The US Center for Diseases is indicating no let up in the current devastating flu season. Last Friday, Dr. Daniel Jernigan, director of the Influenza Division in the National Center for Immunization and Respiratory Diseases at the CDC, said every state, with the exception of Hawaii, have reported increase flu cases over the past month. He said that’s the first time that’s happened in their 13 years of tracking the flu.
Several people visiting urgent-care clinics and emergency departments at hospitals had influenza-like illness,” Jernigan said on a conference call.
Nationwide, Jernigan said there have been 37 pediatric deaths caused by flu.
Flu affecting baby boomers (age-50 to 64)
This season, the flu intensified as young people returned to school after the holiday break. Jernigan said young people are usually the second most hard-hit demographic when it comes to flu, just behind those over the age of 65, many of whom have weakened immune systems. But this year Baby Boomers, people 50 -64, are actually the second most affected group behind the elderly.
“People 50 to 64-years-old are now in that spot,” Jernigan said. “In other words, Baby Boomers have higher rates (of the flu) than their grandchildren right now.” He said the reason for this is because people in the 50 -64-yearsage group were not exposed to the H3N2 influenza strain, which is rampant this flu season as children.
Worst since 2009
The CDC cautions US residents to take every precaution not to contract the flu, as the season has not yet reached its peak. It said this year’s flu season is the worst since the swine flu in 2009.
Jernigan said what’s especially unusual about this year is that the flu is hitting everyone at the same time.
“We often see different parts of the country light up at different times, but for the past three weeks, the entire country has been experiencing lots of flu all at the same time,” Jernigan told reporters on Friday.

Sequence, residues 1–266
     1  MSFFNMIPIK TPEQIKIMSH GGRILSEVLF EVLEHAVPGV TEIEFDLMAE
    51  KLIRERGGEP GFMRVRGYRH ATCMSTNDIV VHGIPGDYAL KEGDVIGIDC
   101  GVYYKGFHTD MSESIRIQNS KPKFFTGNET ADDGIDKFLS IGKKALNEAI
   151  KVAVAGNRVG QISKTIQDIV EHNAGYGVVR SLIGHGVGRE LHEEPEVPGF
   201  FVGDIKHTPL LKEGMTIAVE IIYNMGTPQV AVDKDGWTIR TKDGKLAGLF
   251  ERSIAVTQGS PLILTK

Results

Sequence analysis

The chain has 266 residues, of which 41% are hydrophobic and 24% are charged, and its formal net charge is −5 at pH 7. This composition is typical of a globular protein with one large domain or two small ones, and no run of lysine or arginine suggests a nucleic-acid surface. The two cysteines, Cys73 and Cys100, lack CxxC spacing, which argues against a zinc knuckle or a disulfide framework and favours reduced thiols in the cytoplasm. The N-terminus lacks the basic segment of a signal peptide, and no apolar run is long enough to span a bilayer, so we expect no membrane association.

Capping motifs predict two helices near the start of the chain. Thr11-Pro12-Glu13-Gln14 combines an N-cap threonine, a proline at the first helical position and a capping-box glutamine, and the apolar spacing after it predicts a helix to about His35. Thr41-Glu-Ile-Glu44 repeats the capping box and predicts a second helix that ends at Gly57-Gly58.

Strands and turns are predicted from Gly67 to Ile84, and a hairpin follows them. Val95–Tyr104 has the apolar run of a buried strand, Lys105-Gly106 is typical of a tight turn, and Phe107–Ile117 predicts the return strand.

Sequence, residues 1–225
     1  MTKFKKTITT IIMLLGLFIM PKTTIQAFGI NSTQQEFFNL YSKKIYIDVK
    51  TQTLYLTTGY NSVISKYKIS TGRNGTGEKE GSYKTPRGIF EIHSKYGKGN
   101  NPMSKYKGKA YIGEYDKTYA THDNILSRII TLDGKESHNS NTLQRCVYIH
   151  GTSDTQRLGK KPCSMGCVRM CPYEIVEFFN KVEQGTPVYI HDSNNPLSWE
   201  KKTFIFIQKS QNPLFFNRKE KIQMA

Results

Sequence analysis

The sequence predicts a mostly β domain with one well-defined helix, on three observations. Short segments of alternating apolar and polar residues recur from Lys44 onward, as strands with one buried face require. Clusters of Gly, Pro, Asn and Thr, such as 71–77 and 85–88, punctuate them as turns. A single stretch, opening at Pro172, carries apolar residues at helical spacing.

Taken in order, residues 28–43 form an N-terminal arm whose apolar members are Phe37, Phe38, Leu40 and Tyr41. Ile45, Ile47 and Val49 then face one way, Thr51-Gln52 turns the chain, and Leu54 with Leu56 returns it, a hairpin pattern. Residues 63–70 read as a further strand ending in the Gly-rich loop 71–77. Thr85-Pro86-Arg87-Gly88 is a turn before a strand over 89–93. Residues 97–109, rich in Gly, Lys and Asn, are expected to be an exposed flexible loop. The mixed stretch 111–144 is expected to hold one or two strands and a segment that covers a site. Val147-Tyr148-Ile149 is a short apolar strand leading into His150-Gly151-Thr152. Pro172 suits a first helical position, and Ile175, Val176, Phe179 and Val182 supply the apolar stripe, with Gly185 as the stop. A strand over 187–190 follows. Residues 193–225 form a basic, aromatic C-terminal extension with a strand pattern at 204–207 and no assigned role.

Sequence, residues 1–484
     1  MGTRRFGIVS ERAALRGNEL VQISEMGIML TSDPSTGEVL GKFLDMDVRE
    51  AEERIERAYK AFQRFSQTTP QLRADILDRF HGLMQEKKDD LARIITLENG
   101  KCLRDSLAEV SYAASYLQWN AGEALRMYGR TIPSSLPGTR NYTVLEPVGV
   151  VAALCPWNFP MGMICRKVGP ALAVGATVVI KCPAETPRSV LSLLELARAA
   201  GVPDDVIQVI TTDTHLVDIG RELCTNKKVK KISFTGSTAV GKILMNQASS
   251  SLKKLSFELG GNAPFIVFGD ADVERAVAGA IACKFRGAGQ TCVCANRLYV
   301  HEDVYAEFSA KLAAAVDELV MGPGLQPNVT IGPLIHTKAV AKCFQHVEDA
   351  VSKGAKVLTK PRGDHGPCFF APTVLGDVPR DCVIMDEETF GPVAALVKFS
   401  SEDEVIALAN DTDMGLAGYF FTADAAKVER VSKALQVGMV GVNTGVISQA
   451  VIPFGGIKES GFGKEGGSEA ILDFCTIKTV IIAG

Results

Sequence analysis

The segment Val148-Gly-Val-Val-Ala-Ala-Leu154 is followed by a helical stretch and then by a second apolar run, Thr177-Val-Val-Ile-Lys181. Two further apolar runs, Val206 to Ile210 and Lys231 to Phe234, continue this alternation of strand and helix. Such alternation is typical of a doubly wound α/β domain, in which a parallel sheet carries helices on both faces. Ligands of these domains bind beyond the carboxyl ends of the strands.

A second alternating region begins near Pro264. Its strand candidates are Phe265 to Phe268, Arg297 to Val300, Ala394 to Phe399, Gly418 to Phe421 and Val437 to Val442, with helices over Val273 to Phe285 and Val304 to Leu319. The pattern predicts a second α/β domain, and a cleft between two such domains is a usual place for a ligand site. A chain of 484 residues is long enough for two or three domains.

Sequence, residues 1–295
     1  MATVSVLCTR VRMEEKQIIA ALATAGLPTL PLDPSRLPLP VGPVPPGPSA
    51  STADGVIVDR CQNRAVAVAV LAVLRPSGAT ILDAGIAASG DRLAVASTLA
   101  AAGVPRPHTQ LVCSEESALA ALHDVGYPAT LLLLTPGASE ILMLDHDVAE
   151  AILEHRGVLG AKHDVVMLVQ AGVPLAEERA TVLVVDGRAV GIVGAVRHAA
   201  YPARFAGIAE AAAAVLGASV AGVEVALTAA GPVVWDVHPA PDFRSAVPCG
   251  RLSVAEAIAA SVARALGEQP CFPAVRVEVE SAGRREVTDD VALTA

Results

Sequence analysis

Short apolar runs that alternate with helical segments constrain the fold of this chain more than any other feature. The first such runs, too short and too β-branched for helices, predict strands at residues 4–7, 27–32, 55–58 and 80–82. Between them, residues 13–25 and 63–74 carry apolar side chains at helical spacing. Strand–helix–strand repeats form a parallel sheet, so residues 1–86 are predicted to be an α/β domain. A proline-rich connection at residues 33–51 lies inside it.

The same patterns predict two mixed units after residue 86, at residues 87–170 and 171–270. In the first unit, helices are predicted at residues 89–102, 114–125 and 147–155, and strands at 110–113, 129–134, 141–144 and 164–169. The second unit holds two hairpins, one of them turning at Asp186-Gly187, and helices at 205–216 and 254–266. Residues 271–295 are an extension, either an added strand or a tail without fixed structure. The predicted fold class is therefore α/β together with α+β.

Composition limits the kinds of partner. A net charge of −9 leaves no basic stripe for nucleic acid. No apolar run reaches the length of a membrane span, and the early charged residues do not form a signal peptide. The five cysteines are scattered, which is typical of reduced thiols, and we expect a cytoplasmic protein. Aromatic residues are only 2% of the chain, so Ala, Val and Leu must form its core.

Increases risk of heart attack
Coming down with the flu can also increase the risk of heart attack six-old, a new study found, because it puts more stress on the cardiac system and can increase inflammation, and because of the infection the heart beats faster.
As many as 56,000 people die from the flu every year in the US, the CDC reports, many of them older with compromised immune systems.
The CDC indicates the influenza virus can incubate in the body for one to four days before a person shows any signs of getting sick. That means people can be contagious and not know it. They can spread the virus around without showing any symptoms at all.
Person-to-person transmission — from talking, coughing, sneezing, or breathing on someone else — is more likely to cause an infection than simply touching a surface with some flu virus on it and then reaching for your nose or your mouth. The flu virus can persist on hard surfaces for up to 24 hours but survives only about 15 minutes on tissues.
It’s important that people wash their hands often and avoid touching their face too much in order to fight the spread of the germs.
Still get the flu vaccine
Although it is believed the flu vaccine is not as effective this year as in the past, because of the H3N2 strain, the CDC still advises people to get vaccinated if they haven’t, because it’s effective at preventing other strains of the virus. Flu season can last into May, so there is still time for people to get vaccinated.
Pregnant women are especially encouraged to get the vaccine because they’re more likely to be hit hard by the virus. There’s some evidence that getting a shot can protect babies in the first months of life, when they’re too young to get a shot.
Many people coming down with the flu can stay home and wait it out with the help of liquids, over-the-counter drugs, and plenty of sleep.
Experts say you people can return to work or school after being fever-free for a full 24 hours.
Typically, people have the flu for about a week, but some people can stay sick with the illness for up to two weeks, and kids can often be contagious for more than seven days with symptoms like fever, chills, congestion, fatigue, and coughs.